Dear BK Readers,
Today, Americans celebrate Martin Luther King, Jr.’s birthday, a federal holiday.
However, this year’s celebration hits different, is ironic– not the kind of irony you chuckle about, like when an old friend pops in your head then suddenly calls. This sort of irony is reprehensible.
MLK, the globally known civil rights leader who opened doors for Black Americans to gain equality in education, employment and voting, would not consider this day a cause for celebration.
Why not? Because in the past year alone, 19 states have enacted altogether 34 laws that make voting harder, particularly if you live in an urban area and more specifically if you are poor, disabled, elderly or Black.
President Joe Biden has crafted a bill that will nullify these laws while provided added protections for voter rights moving forward. But the GOP senate and two Democratic senators already have promised to filibuster and block the bill from passing.
“I think the tragedy is that we have a Congress with a Senate that has a minority of misguided senators who will use the filibuster to keep the majority of people from even voting,” said Rev. Dr. Martin Luther King, Jr.
Now, in 2022, nearly 60 years later, we are celebrating MLK’s contribution to Civil Rights while, at the same time, watching them one by one disappear.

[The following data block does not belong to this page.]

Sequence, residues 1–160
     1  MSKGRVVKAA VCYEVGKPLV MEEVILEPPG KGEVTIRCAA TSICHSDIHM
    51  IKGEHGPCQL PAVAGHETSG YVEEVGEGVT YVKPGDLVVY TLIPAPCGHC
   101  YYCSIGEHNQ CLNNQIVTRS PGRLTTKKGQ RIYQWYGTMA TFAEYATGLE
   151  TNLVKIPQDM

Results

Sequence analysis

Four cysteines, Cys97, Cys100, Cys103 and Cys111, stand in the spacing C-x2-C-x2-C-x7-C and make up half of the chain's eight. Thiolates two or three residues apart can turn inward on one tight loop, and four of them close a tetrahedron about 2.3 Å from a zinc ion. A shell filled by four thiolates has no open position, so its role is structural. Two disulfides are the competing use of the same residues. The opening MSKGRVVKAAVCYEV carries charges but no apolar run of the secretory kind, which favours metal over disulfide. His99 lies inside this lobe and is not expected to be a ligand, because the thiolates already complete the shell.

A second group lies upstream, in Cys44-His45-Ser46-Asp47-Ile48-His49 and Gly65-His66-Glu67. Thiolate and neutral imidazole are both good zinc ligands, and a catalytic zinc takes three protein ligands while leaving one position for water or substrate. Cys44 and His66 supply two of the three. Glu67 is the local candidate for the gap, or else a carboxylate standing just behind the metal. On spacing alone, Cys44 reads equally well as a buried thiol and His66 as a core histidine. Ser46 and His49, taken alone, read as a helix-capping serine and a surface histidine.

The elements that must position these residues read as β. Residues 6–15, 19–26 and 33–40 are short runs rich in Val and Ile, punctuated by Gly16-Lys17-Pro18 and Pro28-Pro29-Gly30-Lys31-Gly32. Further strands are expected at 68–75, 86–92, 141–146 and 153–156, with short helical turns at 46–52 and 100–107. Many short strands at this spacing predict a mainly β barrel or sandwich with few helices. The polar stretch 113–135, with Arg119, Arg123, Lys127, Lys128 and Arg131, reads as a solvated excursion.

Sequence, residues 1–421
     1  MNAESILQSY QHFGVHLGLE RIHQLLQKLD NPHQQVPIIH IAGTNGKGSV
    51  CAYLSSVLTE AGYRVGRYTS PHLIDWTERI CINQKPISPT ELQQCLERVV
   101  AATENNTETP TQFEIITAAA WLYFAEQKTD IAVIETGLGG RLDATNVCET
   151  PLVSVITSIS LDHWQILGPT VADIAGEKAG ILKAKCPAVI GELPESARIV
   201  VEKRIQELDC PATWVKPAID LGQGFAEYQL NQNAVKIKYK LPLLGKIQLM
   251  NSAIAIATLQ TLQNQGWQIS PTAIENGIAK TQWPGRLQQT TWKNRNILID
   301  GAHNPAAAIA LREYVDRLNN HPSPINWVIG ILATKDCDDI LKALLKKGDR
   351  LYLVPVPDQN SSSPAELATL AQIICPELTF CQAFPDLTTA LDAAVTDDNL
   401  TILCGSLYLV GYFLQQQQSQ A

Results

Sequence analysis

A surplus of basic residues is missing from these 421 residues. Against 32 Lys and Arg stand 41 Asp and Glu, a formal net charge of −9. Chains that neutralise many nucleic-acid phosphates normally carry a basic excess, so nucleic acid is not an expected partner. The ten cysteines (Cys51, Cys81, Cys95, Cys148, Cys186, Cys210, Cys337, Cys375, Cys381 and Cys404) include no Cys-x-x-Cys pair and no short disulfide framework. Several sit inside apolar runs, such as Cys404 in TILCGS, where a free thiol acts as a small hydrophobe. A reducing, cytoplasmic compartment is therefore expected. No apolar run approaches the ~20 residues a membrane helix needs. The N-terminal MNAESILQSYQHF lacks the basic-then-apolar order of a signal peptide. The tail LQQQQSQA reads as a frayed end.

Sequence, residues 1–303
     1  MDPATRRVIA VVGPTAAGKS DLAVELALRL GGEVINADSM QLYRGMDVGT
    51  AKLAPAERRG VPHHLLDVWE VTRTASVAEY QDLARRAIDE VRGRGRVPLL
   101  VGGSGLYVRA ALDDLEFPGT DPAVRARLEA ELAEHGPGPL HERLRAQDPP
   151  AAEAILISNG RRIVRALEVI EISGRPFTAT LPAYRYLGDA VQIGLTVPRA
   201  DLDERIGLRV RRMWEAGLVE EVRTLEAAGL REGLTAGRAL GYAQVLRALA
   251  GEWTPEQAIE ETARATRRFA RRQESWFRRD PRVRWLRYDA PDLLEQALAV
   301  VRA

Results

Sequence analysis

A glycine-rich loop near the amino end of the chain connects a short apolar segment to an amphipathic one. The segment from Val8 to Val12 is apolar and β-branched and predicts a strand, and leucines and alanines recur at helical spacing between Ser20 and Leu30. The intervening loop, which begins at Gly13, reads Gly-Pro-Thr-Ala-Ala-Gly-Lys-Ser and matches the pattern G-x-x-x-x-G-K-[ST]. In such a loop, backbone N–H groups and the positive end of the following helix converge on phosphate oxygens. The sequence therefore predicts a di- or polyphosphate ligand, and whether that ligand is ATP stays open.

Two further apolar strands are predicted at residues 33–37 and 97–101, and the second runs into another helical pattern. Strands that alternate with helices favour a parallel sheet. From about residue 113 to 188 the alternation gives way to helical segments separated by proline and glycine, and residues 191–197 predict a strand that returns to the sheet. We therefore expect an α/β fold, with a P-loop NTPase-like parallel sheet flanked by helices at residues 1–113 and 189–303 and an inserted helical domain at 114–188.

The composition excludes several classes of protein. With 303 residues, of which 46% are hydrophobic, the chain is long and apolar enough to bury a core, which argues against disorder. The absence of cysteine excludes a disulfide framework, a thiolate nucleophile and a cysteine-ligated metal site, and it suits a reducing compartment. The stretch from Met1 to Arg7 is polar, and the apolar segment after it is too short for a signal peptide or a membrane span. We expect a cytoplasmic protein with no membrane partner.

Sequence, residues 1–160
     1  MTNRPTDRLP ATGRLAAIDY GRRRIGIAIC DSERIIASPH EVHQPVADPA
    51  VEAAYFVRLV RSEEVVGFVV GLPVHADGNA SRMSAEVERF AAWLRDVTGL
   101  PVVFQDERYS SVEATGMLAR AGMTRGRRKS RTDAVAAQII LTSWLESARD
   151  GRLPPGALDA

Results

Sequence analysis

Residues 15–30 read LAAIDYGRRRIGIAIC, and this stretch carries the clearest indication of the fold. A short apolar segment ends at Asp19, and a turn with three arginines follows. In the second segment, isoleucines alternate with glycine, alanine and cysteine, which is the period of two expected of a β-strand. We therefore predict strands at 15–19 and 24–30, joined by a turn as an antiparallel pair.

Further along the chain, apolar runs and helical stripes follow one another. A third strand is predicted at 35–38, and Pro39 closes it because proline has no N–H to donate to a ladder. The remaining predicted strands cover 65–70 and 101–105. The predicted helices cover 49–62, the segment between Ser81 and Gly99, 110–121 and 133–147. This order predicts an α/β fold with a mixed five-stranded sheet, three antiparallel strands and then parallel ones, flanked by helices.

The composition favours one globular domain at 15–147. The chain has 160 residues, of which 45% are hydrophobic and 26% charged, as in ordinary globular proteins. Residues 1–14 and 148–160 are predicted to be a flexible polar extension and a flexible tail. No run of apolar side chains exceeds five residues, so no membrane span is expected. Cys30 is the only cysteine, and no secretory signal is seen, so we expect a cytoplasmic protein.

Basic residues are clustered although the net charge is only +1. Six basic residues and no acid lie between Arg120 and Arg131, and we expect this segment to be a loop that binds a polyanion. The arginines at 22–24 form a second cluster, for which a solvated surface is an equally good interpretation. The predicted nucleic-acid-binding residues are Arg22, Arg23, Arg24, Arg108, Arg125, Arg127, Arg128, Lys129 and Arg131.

What we are witnessing is an attack on democracy, a foundational system in the U.S. rolled back because it is no longer exclusive to those it was originally designed to protect: white men.
The system was never intended to protect Black and Brown people. Including women was not a notion. Poor people were surely out of the question. And it was unfathomable it might include an identity other than heterosexual.
Now, armed with increased numbers, greater education, technological savvy, grassroots organization, and a voice at the ballot, these regular human beings are taking several seats at the same table. And it frightens them to death.
And so, Republicans– sensing their demise and extinction– are passing laws that suppress the vote and make it legal to cheat.
The Freedom to Vote Act, John Lewis Voting Rights Bill must be passed now!
Today, on MLK Day, there are many things you can do to celebrate his legacy. We have compiled a list of places to volunteer here.
If you cannot volunteer, there are other things you can do from your home. Send a letter to your senators to show support the Freedom to Vote Act here.
The form takes 1 minute to fill out and also has an option to share across your social media platforms.
As we celebrate the birth date of Rev. Dr. Martin Luther King, Jr., the most meaningful thing you can do today to honor his legacy … is your part to save it.
C. Zawadi Morris, Publisher, BK Reader